The Wedding Cake House — “Bollen’s Folly”
The “Wedding Cake House” (formerly known as “Bollen’s Folly” and “The Sanitarium”) is an important part of the history of Mount Barker, although it isn’t heritage listed. It was built in the late 1800’s by George Bollen, (Pt. Adelaide 1877), who worked in Mount Barker as a cooper whilst studying to become a doctor. His hobby was architecture. George designed and built Bollen’s Bridge on the Springs Road. He planned the two-storey building now “Claremont Tea Rooms” on the corner near the present day Police Station for Mrs Starling, who kept a store in Resurrection Row. When the first storey was completed they found he had made no provision for a staircase, which was added later. After Doctor Bollen completed his degree in America, he returned to the town of Mount Barker, where he began to build a large square house that overlooked the town. Designing it to be centrally heated, it had no fireplaces nor chimneys. This astounded the good country folk who called it his “folly”, for soon after it was finished, his wife died and he left the town. Future owners later added fireplaces and remodelled it. Now known as the “Wedding Cake House”, it has become famous as a showplace of the district.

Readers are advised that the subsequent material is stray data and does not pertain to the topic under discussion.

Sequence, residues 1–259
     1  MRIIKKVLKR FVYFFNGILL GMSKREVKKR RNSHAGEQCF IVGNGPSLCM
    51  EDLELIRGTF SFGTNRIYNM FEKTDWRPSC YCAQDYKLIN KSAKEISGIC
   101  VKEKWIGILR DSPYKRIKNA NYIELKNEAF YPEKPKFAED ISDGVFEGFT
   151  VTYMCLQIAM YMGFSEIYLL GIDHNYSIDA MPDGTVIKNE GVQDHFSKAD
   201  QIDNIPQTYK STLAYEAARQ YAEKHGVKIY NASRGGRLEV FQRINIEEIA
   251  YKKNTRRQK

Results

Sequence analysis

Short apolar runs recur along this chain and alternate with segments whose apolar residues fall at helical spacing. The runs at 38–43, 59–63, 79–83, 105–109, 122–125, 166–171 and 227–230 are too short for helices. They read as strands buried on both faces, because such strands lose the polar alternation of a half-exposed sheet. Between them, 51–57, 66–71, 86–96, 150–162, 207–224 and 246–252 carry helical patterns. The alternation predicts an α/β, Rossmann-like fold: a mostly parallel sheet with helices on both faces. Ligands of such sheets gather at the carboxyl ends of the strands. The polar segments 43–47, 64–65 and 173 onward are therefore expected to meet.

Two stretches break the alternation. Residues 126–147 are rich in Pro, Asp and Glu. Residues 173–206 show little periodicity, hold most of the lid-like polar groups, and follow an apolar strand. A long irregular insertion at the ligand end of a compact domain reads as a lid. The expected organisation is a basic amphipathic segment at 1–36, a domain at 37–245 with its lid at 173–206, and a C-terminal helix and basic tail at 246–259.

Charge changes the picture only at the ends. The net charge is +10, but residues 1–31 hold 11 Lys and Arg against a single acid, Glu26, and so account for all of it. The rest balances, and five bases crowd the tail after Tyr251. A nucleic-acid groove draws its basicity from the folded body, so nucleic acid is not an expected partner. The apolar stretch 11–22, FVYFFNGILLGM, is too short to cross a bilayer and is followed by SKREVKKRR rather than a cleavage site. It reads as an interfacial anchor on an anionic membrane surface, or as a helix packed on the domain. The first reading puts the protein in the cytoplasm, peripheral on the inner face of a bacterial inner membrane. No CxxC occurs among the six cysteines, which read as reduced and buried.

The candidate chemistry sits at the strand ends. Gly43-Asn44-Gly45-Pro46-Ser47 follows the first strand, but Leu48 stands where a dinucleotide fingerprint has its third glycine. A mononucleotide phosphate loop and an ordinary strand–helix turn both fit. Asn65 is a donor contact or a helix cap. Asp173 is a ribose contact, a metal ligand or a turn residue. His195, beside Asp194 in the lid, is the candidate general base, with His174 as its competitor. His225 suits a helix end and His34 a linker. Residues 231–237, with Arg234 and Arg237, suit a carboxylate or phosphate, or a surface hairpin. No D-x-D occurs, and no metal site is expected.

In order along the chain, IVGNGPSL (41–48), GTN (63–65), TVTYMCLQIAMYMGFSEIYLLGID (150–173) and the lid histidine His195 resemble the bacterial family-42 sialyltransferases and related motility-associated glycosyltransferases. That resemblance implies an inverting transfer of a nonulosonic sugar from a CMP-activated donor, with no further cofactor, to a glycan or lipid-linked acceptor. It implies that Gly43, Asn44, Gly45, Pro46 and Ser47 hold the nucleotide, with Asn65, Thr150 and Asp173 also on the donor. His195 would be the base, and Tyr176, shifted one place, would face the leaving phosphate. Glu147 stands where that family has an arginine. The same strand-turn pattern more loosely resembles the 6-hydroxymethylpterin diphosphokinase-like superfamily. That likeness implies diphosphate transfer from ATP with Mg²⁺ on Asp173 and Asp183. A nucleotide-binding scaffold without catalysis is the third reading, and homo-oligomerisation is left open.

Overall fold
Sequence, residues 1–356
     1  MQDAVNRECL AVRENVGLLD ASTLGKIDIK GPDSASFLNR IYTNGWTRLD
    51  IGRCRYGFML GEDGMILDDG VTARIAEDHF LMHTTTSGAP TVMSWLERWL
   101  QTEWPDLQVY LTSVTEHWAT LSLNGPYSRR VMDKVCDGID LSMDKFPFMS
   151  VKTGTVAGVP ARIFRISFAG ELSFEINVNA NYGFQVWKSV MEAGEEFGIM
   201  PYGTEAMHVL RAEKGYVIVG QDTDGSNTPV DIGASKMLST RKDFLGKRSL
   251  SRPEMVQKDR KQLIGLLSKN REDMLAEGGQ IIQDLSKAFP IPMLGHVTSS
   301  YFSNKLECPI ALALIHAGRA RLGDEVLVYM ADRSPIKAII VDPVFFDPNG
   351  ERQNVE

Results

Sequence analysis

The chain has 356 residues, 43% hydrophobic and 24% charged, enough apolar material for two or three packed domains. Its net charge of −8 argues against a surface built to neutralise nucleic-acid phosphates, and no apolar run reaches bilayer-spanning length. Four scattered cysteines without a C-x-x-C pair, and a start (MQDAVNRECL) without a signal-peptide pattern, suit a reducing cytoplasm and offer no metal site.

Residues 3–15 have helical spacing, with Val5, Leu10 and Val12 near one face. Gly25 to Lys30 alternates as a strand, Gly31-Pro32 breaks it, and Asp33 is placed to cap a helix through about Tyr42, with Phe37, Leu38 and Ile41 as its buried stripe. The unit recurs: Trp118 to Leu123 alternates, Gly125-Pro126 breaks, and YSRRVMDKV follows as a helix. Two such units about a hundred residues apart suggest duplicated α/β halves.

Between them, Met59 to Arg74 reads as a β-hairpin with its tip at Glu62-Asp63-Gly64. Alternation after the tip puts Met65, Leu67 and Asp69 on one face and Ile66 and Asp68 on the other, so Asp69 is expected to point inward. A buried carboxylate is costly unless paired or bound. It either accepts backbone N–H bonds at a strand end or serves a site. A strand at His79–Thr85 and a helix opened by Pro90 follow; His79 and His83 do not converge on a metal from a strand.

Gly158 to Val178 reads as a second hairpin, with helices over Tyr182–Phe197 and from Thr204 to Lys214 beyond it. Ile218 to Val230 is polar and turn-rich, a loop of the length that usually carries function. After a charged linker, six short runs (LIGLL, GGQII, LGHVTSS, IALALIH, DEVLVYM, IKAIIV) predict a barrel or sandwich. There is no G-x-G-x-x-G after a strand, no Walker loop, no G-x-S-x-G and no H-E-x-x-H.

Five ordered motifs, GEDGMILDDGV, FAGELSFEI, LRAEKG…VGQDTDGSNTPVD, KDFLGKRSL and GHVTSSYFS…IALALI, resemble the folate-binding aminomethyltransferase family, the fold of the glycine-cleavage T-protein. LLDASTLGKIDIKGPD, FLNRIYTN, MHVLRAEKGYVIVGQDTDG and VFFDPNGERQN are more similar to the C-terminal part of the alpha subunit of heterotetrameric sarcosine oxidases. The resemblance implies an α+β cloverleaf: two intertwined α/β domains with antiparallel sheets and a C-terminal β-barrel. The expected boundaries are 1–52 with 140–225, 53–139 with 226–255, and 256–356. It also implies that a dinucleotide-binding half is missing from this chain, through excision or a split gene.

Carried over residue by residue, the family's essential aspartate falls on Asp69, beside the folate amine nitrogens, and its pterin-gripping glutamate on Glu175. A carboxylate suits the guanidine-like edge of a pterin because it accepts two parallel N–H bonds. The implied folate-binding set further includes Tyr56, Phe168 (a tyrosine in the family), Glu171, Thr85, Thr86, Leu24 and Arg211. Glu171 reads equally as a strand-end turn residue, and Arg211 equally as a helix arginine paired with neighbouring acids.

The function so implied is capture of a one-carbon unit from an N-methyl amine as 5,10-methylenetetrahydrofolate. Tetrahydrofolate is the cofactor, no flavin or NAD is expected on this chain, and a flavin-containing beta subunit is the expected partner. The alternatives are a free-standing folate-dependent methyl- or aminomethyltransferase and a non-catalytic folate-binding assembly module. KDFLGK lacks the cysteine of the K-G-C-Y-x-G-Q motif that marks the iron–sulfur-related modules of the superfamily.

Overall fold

Heritage Reconstruction Work
Lancaster Painters Australia heritage reconstruction work in “The Wedding Cake House” began with thorough preparation and repaint work. Interior beautification work included the hand painting of decorative ceiling roses and the painting of 17th Century Korean artwork on the atrium window leading into the main hallway. We meticulously hand painted marble coffers on the bottom section of the walls, and topped them off with pin-striping and stencils to form a dado effect. The one hundred year old staircase was reconstructed by applying fresh paintwork to the turn posts and stringers. The final touch involved the french polishing of the Western Red Cedar handrails and posts of the staircase.